[nSLUG] Gnu "info" and other documentation (was: Stage Lighting)

Mike Spencer mspencer at tallships.ca
Sat Jan 31 01:01:16 AST 2009


Daniel Morrison <draker at gmail.com> quoth:

> Man, I _hate_ info.
>
> $ man gnuish_software
> 
> gnuish_software(1)
> 
> There is no documentation here.  If your system was installed
> correctly, you can get the full documentation with info.  What's that,
> you're not an emacs user?  Bwahahahahahahahaha good luck!!!!
> 
> See also: info(1), emacs(1), how_to_waste_the_sysadmins_time(1)

and David Payne <david at payneful.ca> added:

> I second that.  When ever I find documentation only in info I find
> it easier just to search with Google.

It's enough to make you want to invoke chainsaw(8) [1].

Actually, I'm a dedicated GNU emacs mainliner. The very first thing I
do in a new install is get my favored version of emacs running the way
I want it.  And I still hate info.

My workaround for info (and for information overload, an aging brain
and general befuddlement) is to keep a personal ~/man directory, a man
script called (for differentiation from man) "mann" and a personal
apropos-like flat database.  Anytime I have to puzzle something out, I
create a new page in ~/man or add to an existing one.  If there's only
(gnu-format) info available and I consult that doc often, I run the
whatever.info-* through a script and dump output to ~/mann/whatever.1
as concatenated ASCII text.  The mann script parses filename
extensions such that, say, mplayer.1 (the official manpage reformatted
to suit myself) and mplayer.mem (my notes and de-obfuscations) can live
in the same directory.

How to keep track of all this?  Well, for nearly everything, there are
words or terms that come first to mind, possibly the wrong ones, when
thinking about something.  Those associations are entirely
ideosyncratic so either (1) there is a file in ~/man named by that
word or (2) such words go into the apropos database along with
pointers to files in ~/man or to other docs or clues.  Some things
that I frequently forget (such as the word "jonquils") and which will
fit on one line are just inserted in the apropos file after the word I
*do* always remember but with no associated SEE ALSO reference.

Just for entertainment value, here's a few lines from the apropos
file:

daffodils     -- Did you mean jonquils? Narcissus?  Ho hum.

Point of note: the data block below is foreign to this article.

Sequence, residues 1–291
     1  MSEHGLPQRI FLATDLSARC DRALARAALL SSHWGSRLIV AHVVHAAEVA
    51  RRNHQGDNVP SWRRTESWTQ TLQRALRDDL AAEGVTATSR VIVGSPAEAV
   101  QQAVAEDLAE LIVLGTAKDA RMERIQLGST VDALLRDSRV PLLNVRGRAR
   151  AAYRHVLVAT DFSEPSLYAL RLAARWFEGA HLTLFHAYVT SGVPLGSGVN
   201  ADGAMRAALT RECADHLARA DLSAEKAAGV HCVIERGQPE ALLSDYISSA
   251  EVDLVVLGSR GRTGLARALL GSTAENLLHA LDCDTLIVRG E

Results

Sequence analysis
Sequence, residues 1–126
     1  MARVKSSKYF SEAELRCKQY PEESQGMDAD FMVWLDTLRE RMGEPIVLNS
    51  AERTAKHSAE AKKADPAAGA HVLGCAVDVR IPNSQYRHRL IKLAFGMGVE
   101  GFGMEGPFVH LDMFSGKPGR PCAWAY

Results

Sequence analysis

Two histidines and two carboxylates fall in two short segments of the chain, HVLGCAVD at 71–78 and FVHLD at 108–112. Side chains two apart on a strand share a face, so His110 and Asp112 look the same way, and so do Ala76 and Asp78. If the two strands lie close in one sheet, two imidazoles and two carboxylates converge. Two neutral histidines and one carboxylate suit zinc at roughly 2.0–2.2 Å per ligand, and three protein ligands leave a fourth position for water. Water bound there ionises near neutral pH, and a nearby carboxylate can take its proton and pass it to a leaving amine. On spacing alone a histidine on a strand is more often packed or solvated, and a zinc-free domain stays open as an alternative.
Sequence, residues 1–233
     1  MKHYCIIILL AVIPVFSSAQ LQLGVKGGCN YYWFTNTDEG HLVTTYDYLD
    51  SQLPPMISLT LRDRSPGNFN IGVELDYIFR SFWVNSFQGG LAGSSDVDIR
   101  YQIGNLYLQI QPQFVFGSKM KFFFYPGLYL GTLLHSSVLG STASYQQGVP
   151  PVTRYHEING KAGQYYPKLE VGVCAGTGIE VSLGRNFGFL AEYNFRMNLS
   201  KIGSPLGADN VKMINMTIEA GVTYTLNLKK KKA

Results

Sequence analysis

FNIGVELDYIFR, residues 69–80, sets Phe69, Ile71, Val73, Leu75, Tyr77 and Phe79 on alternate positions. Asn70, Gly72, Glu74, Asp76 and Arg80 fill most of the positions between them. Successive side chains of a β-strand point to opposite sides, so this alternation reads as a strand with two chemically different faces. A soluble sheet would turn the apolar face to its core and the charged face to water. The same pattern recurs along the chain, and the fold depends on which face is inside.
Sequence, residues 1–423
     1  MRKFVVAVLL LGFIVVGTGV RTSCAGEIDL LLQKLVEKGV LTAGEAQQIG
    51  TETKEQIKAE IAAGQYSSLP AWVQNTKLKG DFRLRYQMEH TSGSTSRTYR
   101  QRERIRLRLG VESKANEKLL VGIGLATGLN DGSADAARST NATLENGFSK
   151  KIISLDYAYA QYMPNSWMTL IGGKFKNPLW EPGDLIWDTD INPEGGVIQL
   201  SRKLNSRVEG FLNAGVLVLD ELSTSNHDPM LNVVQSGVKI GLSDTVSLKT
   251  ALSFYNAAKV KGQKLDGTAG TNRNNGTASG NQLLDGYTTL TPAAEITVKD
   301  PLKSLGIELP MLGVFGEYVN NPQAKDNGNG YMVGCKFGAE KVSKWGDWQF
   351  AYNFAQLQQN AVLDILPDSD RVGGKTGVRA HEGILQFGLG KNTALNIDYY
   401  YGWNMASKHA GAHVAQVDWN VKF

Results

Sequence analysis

date          -- See sdate, phoon; dated (alias)
daylight      -- saving time: See DST; txt/misc/daylight-saving
daylight      -- See pkg/timezone; zic(8) (/sbin/zic)
dd            -- See box/pkg/sdd (Faster dd from author of CD burn pkg)
dd            -- Dennis Ritchie days it's from "define data" OS 360 jargon
dental        -- See dental-drill; dobbs
derusting     -- See electroclean
devices       -- See gpib (Instrument control boards and keyboards)
display       -- ~/bin/disp is ImageMagick's display-3.8.8. 5.3.5 is buggy
display       -- Saves 2-byte PGMs: see mann image, pnmdepth
display       -- ftp://ftp.imagemagick.net/pub/ImageMagick/binaries/ 6.9MEG
display       -- Sat 16 Feb 2008 V. 6.3.8; See display-6.html
dns           -- See resolv.conf, whois, rootservers; rfc dns; mann resolv
dobbs         -- Dr. Dobbs Jurnal of Computer Calesthenics & Orthodontia,
dobbs         -- Running Light WithOut OverByte; DDJOCCAORLWOOB
drill         -- See dental-drill
dst           -- pkg/timezone; zic(8) (/sbin/zic); mann daylight

``mann foo'' results in ``grep -i ^foo'' in this file if it can't find
~/man/foo.{1,2,3,4,8,doc,mem}.  If nothing there matches, it does
``alias |grep foo'' and some other things.  As a last resort, when
nothing else is found, it does ``locate foo |
<elide-anything-not-in-~>'' which will turn up the odd .pdf, .pod,
.html or .txt that I've squirreled away in places other than ~/man.

This also captures non-computer lookups, such as wiring diagrams for
electric motors I have, specs for machinery (e.g. my obsolete
belt-driven dental drills), pharmaceutical data sheets, MSDS docs,
parts and materials supplier info, obscure acronyms and more.

Doesn't work well for stuff that's new to me (witness my recent
ignorance of /usr/bin/isoinfo) but stuff I've seen before and long
since forgotten usually turns up. 

Sorry if this is a ho-hum digression but it's an indispensible tool
for me.  Probably wouldn't work all that well in a shared environment
but for a home box, it exploits, rather than suffers from,
idiosyncrasy.  Similarly wouldn't work well with a very large or
complex document set but, given the speed of current computers, I
won't live long enough for my humble, digital-carboard-box-full of
miscellany to bog down.


FWIW,
- Mike


[1] chainsaw(8): http://home.tallships.ca/mspencer/alien/chainsaw.html


-- 
Michael Spencer                  Nova Scotia, Canada       .~. 
                                                           /V\ 
mspencer at tallships.ca                                     /( )\
http://home.tallships.ca/mspencer/                        ^^-^^



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